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The big three of Boise State simulation culture

Most people outside of the medical field aren’t familiar with simulation-based education. School of Nursing simulation operations coordinator Casey Blizzard hopes to change that with a culture of openness, self-care and a realistic learning environment.

Opening wide the doors

Blizzard and Kelley Connor, the director of simulation-based education and research at the School of Nursing, have been working hard to create a culture of openness around Boise State simulation education.

When Blizzard started at the School of Nursing in 2021, people frequently asked her questions that gave her the sense they were unfamiliar with simulation education, including things like rules versus best practices. Many people thought simulation was exclusive, difficult to be a part of and something they couldn’t do; but “none of that is true,” Blizzard said.

One of Blizzard’s main goals is for the Simulation Center to be an open book where people are excited to come and learn.

Spaces reflect positive culture

Part of being an open, welcoming educational space means encouraging safe educational practices. So the Simulation Center’s efforts to increase openness morphed into creating a self-care space in the Jody DeMeyer Reading and Reflection room.

Yoga mats and meditation cushions in two baskets.

Students often report feeling increasingly anxious and stressed around simulations; pairing self-care with simulation education helps them develop methods of stress-management while in a safe, low-stress environment. It gives students an outlet to try different techniques and find what works best for them before they become critical skills in the workplace.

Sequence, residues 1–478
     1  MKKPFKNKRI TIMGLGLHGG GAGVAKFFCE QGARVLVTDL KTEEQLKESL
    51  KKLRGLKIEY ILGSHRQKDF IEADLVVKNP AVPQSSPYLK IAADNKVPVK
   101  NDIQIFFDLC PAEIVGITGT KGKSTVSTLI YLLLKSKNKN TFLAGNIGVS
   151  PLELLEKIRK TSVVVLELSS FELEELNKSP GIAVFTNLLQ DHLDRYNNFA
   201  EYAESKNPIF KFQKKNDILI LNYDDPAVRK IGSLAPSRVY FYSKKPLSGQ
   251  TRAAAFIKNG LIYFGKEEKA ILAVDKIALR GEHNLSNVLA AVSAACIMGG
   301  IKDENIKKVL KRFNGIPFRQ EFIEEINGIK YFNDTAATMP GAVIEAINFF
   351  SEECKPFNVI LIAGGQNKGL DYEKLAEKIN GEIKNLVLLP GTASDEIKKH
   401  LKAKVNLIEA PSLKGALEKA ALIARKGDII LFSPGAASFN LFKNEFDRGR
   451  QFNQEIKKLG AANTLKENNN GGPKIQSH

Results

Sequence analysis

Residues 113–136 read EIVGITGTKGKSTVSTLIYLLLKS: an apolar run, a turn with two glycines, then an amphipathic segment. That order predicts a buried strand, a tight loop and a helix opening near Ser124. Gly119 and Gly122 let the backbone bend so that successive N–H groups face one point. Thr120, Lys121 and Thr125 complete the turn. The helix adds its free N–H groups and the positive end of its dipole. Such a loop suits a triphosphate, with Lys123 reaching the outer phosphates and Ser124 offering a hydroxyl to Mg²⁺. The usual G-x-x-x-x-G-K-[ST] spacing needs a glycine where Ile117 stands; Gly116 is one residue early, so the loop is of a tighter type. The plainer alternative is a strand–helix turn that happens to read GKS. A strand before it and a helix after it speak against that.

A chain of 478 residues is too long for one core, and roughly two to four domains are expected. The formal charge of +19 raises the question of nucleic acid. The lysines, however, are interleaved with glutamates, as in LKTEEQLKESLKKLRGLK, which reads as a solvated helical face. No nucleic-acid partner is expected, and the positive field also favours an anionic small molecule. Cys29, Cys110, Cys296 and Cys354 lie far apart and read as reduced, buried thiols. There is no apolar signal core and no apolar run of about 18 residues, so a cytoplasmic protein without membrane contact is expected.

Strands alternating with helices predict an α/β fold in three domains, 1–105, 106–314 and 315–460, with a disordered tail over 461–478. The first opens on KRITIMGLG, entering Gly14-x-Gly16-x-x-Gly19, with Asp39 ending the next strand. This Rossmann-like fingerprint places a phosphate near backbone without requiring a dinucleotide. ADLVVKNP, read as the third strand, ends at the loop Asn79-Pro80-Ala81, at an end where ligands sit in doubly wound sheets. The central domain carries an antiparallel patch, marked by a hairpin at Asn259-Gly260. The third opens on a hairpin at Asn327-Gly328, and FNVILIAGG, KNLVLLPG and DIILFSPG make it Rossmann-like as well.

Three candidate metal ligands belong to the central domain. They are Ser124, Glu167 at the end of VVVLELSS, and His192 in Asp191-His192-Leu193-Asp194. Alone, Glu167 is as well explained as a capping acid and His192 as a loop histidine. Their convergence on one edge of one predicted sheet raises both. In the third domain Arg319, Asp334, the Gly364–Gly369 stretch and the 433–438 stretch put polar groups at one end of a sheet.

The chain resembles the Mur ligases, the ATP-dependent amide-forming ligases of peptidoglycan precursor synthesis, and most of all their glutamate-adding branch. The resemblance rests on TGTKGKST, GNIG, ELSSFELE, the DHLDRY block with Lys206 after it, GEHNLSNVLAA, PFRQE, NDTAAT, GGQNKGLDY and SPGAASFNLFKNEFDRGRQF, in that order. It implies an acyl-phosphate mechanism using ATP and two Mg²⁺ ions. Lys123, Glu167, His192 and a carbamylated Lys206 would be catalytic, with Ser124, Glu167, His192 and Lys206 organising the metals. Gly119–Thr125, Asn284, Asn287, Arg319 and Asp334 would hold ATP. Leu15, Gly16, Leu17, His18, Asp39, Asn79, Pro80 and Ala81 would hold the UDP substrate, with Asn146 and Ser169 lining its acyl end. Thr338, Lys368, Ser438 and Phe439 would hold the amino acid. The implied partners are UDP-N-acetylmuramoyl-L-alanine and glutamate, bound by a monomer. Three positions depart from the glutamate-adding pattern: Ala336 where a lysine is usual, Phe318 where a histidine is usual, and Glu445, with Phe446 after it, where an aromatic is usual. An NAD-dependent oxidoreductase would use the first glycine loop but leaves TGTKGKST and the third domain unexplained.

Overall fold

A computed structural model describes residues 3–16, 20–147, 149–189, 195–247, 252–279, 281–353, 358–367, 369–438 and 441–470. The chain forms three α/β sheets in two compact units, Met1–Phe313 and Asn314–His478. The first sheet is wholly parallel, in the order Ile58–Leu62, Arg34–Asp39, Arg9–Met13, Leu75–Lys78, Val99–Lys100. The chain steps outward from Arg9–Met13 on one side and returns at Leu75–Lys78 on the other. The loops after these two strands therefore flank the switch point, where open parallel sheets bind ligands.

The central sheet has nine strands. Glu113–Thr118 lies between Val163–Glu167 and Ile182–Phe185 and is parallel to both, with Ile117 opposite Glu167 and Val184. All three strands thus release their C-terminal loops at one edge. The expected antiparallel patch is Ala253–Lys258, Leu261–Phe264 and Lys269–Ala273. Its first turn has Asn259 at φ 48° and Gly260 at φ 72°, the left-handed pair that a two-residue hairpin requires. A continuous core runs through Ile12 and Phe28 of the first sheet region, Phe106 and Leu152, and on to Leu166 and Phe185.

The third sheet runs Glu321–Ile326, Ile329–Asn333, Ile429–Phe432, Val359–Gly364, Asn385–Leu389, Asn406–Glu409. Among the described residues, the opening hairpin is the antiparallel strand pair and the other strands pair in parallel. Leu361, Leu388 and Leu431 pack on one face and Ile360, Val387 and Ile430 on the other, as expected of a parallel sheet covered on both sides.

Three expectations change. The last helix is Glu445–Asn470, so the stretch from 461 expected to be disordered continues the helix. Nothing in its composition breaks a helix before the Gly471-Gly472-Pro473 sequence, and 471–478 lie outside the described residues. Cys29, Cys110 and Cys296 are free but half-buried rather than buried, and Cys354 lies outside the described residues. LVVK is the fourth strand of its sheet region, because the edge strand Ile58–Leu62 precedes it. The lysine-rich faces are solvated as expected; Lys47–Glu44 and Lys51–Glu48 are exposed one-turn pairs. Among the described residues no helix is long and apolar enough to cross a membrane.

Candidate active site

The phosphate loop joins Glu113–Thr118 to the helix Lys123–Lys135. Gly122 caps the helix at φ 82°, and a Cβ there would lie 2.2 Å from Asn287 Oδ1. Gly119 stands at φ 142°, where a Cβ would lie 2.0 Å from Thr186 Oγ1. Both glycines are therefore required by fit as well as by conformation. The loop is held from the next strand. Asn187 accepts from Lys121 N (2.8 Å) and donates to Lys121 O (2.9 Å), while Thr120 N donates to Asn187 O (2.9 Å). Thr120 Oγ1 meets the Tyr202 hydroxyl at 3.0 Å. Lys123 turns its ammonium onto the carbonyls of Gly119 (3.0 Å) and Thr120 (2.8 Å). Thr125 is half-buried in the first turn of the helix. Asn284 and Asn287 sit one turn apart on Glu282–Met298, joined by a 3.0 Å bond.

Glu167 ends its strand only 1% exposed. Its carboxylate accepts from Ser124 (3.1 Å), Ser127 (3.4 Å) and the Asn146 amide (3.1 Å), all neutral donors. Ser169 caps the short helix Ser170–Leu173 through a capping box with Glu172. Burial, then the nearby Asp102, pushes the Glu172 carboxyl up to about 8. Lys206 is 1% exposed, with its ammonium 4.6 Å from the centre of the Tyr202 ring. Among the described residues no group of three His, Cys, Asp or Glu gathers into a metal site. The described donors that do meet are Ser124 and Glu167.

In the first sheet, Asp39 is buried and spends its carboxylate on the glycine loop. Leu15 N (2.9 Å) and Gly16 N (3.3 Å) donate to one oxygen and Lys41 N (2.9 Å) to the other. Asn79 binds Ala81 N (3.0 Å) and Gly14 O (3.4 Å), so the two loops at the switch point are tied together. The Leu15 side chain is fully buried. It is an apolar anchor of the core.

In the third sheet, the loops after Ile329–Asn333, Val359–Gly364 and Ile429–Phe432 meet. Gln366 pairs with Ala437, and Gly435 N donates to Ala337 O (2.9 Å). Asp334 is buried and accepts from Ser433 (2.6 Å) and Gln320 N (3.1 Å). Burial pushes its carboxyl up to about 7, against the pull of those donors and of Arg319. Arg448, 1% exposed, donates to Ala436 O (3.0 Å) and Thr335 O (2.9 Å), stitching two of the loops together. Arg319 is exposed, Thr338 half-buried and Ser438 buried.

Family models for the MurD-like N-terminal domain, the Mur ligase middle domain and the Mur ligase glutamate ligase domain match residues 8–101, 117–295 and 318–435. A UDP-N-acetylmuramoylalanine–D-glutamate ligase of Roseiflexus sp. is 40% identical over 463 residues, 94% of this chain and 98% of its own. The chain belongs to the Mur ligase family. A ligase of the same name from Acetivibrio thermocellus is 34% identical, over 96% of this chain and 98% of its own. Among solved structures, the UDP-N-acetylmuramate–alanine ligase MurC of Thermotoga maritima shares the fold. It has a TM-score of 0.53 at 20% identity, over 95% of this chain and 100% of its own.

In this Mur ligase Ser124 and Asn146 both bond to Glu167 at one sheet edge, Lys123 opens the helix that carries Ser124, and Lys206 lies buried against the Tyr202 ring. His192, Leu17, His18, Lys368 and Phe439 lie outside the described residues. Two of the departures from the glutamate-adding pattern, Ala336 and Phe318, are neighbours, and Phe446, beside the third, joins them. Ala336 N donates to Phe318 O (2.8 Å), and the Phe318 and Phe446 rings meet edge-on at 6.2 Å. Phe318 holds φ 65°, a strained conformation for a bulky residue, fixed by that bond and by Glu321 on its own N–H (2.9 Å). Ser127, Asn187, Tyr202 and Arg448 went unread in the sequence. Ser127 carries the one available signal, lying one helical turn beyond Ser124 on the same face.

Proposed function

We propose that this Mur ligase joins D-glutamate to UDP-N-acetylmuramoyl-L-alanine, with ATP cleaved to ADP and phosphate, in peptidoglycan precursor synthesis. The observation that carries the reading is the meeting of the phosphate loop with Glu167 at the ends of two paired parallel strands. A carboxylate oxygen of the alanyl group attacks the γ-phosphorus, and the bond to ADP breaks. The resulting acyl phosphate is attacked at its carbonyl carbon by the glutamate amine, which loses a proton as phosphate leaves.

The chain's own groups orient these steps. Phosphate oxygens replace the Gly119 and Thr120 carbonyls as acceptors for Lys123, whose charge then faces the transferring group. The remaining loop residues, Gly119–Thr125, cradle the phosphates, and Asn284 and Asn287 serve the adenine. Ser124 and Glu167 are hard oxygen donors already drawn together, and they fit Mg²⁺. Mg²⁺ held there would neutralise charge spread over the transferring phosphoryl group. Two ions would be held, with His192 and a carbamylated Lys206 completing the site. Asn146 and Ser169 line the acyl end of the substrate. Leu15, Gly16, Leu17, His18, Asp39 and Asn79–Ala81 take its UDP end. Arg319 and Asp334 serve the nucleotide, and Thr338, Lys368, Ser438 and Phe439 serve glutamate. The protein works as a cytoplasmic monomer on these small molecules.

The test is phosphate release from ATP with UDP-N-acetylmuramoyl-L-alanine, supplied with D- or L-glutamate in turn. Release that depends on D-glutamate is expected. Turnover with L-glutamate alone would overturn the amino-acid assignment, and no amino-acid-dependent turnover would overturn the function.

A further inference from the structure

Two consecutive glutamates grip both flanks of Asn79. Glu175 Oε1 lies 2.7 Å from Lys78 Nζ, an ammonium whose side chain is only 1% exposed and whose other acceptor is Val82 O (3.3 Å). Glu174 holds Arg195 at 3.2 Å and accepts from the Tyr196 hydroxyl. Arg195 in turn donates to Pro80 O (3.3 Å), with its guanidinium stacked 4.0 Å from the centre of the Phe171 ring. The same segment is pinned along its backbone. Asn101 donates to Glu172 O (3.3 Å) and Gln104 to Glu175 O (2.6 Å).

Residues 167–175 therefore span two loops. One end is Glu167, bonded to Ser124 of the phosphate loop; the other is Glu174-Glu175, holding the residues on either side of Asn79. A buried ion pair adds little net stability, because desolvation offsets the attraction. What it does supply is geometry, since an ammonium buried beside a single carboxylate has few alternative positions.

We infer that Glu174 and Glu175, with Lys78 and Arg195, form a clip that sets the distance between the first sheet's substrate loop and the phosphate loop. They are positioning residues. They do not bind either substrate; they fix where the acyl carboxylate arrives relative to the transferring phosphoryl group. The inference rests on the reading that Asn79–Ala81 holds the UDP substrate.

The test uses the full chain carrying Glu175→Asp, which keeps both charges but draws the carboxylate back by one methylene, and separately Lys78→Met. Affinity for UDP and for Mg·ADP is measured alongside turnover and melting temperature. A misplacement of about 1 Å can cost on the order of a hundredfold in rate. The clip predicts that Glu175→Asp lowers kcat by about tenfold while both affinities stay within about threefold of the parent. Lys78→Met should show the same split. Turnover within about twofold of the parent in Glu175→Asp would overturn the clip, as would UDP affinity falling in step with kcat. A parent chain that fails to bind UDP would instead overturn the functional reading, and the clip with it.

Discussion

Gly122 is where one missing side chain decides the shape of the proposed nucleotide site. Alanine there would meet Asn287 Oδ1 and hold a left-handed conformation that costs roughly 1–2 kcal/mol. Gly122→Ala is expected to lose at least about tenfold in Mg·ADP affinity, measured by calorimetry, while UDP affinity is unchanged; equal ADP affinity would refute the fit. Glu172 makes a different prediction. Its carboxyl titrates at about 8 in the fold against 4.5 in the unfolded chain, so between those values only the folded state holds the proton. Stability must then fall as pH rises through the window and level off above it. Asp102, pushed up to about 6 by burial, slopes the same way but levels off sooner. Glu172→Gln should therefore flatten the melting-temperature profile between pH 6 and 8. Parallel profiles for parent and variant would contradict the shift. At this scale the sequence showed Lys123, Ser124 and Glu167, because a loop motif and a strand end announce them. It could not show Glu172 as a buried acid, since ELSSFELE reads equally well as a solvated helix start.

The self-care room now houses yoga mats, cushion chairs, potted plants, a bubbling fountain and recorded meditations, among other things.

Mirroring a realistic workplace

It’s crucial that nursing education reflects real life as best as possible. For the Simulation Center, this means having the most life-like representations of patients, symptoms and tools for care. Recent efforts to reflect the workplace have led to new members of the manikin team.

While previous manikins allowed students to train for a wide-range of skills, their application was limited to a narrow population: thin white males. However, all one needs to do is stroll down the street to see this sample doesn’t represent real life.

A nursing student adjusts an oxygen tube on a manikin wearing a gray wig.
A wig on one of the typical low-fidelity adult manikins.

In order to better represent the workplace population, the simulation center added more realistic male and female manikins of differing ages, weights and colors.

“We now have a bariatric manikin so [students] can practice on people who aren’t perfectly thin,” Blizzard explained.

“We also have manikins of different ages now, because for a long time we would try to make them look older, but they just looked like a regular adult with a wig.”

Connected by a common goal

While these elements of the Norco building’s third floor are technically all separate, Blizzard explains that they connect together through the common goal of a supportive learning culture.

From the self-care room to each simulation scenario, “we just want the entire floor to feel different,” she said. “We want there to be a more interactive, welcoming kind of feeling when you come here.”

For more information about simulation at the School of Nursing, contact

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